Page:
Yes—Zatch isn't human, he's more like a walking weapon!! As the story goes on, he and Kiyo quickly discover that he is one of 99 magical beings, mamodo, who have been sent to the human world. Every few hundred years, the mamodotravel from their alien dimension to fight an epic battle, and the last one standing is crowned king of the mamodo. But to fight, they must find human partners, who control the mamodo using their "spellbooks" which unlock new and bizarre mamodo magic. Mere lightning bolts power up to earth-shaking attacks, giant energy dragons, enormous metal fists flying through the air, etc. At first unwilling to get involved, Kiyo soon decides to become Zatch's partner, and like brains & brawn, they team up for epic slugfests against other mamodo and their human companions. Some mamodo are bad guys, others fight reluctantly, but like Highlanders, "there can be only one!"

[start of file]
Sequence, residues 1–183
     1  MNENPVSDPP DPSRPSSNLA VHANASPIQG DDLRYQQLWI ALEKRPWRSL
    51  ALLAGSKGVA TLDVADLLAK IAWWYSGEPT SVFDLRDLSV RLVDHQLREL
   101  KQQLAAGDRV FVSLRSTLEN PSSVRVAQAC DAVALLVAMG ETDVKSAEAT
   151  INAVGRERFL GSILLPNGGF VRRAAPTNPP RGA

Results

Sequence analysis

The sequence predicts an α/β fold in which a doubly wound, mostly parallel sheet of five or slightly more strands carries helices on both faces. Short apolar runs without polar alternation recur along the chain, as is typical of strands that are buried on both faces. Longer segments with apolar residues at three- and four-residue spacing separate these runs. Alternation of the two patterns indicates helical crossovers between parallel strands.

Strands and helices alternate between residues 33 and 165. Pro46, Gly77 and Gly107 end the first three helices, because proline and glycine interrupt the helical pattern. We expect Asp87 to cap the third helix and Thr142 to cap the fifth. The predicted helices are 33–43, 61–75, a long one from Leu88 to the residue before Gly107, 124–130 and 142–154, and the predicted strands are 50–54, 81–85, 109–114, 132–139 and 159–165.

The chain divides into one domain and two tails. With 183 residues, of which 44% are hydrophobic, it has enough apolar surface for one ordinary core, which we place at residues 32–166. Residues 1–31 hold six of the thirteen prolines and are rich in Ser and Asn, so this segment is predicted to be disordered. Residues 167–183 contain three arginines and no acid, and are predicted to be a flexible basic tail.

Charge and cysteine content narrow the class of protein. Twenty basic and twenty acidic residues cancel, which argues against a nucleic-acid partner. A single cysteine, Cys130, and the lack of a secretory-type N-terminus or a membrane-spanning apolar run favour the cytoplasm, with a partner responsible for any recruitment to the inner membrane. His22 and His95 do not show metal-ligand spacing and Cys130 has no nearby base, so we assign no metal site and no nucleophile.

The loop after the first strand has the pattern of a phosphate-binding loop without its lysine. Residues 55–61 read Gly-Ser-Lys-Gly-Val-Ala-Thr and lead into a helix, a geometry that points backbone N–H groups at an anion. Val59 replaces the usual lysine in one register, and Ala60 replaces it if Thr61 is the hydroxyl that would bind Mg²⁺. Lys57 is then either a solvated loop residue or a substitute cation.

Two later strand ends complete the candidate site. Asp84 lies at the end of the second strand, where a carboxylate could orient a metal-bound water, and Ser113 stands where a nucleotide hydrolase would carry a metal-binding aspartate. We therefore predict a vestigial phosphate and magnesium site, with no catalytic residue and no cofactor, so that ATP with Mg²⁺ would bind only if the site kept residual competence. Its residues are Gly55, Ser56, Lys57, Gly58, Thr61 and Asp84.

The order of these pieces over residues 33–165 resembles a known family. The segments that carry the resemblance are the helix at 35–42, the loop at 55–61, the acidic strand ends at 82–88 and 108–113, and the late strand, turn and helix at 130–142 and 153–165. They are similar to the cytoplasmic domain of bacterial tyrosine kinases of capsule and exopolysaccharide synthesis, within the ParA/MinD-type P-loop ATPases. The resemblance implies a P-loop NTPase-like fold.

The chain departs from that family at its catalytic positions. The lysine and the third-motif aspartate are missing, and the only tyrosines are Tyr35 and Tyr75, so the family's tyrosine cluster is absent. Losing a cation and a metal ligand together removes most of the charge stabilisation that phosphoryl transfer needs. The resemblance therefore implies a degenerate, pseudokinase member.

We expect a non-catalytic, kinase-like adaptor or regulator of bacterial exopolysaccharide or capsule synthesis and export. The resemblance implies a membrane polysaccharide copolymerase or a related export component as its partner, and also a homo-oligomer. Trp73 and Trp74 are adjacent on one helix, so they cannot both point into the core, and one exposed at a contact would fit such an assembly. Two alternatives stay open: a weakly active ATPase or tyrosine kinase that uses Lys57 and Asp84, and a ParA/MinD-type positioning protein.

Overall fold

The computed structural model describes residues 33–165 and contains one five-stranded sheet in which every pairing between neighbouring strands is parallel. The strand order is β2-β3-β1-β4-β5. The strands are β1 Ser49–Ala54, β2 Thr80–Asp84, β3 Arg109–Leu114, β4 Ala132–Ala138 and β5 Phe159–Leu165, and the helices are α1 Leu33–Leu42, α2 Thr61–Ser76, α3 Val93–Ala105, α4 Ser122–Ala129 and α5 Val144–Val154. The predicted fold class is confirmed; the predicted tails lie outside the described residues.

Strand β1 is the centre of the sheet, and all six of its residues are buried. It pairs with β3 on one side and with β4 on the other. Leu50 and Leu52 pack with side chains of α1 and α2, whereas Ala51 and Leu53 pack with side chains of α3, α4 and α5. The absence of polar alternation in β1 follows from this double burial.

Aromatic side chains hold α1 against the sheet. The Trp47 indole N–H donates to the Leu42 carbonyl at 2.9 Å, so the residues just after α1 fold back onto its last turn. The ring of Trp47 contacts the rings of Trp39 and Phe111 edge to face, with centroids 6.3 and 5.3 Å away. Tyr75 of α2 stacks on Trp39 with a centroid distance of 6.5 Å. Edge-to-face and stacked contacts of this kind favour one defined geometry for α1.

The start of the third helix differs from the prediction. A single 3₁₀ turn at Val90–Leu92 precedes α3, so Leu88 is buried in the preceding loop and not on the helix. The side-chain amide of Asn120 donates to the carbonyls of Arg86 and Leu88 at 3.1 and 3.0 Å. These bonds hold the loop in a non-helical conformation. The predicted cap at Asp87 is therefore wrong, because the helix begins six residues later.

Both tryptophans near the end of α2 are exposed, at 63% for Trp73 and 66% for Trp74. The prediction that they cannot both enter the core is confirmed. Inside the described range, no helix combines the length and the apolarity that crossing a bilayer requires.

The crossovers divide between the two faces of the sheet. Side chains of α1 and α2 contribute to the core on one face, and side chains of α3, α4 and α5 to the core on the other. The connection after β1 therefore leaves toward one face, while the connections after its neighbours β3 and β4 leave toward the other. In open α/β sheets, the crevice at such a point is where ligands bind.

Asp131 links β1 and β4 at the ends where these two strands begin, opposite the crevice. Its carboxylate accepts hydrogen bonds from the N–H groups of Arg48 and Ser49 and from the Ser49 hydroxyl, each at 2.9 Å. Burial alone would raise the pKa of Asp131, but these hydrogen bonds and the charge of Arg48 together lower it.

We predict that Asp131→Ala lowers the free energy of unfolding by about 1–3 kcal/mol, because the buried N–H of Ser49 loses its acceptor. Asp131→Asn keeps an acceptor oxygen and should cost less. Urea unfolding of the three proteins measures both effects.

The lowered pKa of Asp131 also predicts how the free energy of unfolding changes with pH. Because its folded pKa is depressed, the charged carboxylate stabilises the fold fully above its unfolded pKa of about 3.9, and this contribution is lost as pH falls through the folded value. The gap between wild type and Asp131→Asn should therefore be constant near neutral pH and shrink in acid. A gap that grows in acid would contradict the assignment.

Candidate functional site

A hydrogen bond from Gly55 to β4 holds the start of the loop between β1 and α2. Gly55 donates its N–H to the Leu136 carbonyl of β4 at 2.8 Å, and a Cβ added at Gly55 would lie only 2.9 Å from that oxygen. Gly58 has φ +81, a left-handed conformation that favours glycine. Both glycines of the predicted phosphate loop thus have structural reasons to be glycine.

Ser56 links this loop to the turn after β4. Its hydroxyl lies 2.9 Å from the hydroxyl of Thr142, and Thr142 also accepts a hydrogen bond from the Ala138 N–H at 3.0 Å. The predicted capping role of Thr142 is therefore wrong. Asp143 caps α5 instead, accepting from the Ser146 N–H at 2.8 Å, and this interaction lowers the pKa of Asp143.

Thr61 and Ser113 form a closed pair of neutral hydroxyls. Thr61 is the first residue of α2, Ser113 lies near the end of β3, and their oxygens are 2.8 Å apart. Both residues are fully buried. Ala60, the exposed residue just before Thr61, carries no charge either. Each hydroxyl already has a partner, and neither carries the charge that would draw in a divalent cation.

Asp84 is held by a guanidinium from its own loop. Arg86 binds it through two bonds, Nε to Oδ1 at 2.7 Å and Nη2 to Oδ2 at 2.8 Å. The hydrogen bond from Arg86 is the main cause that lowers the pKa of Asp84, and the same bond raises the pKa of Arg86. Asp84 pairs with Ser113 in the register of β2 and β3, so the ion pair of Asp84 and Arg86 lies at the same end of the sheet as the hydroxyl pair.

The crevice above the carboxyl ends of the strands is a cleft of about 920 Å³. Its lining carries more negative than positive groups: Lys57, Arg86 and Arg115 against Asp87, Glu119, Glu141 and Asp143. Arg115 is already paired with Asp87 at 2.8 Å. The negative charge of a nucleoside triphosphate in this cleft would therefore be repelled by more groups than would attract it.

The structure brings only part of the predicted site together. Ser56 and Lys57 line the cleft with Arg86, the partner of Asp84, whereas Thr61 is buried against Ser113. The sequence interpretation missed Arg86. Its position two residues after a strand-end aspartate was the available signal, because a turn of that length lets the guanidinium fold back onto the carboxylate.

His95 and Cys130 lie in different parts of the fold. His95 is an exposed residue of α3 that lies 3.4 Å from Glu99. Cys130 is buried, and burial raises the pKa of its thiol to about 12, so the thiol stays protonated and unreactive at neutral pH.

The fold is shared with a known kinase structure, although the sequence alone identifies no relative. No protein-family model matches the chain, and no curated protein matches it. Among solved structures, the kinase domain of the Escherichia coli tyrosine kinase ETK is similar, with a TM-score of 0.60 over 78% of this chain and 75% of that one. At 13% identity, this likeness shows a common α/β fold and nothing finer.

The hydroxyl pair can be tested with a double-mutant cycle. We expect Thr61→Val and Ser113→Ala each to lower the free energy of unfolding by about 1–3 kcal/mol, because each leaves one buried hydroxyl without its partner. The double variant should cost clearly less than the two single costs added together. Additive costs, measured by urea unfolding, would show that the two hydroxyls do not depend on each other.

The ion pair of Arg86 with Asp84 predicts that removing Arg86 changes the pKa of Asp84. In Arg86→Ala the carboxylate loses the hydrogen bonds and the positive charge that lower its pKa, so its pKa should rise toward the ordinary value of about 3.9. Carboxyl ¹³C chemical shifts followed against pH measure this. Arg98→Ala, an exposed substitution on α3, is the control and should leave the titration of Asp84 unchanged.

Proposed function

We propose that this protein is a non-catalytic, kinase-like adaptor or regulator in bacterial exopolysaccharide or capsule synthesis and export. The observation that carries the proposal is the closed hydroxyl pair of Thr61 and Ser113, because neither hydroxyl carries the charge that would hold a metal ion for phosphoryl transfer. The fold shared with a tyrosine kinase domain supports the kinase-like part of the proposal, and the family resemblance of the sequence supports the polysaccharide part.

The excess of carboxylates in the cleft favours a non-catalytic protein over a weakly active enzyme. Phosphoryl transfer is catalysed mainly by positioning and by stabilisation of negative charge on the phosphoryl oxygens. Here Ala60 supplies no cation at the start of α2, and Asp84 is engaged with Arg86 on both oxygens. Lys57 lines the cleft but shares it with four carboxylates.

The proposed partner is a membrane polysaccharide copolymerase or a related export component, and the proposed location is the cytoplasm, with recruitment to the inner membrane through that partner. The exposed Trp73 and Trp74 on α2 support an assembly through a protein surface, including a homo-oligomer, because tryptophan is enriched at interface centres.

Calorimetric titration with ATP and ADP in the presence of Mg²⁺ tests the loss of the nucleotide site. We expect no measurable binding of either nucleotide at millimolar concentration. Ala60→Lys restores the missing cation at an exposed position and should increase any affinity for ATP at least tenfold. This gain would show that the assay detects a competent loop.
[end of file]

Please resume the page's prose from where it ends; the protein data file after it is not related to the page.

This is all much quicker to describe than to read. It stretches on for 33 volumes, 7 years of manga at one chapter a week, with a slow slow build as new mamodo-master pairs keep showing up and challenging our two heroes. The deeper plots don't start building up until nearly 10 volumes in, making the beginning of the series an initially boring exercise for older readers reading it all at one sit-down, but then, with its poop jokes and duck-faced monsters in jammies running around, Zatch Bell is obviously aimed at the 14-and-younger set. In typical shonen fashion, the themes are always repeated (usually shouted) so much you can't miss them. The first core theme is self-esteem, the theme that mamodo are powered by "strength from within." The second theme is friendship, and the idea that although mamodo (like Pokémon) are basically slaves of their humans, it's important to be a super-nice master and be good to your partner. (As Kiyo tells a typical bad guy: "You guys aren't real partners, and that's what caused your downfall!") But what are the Mamodo to their humans: are they like brothers and sisters, children, pets? The answer is, it's different to each pair, from the romantic relationship between humanoid mamodo Wonrei and Li-En, to the big-brotherly relationship between Kiyo and Zatch, to the generally dysfunctional relationships between the evil guys. What's important, unlike in "lone wolf" style superhero tales and like Fate/stay night and other manga of this type (although less sexily, unless there is some terrifying dojinshi I don't know about), is that there is a relationship. (Off topic: hasn't anyone ever done a master-servant Presidents-Vice Presidents manga? But who'd be the servant and who'd be the master?)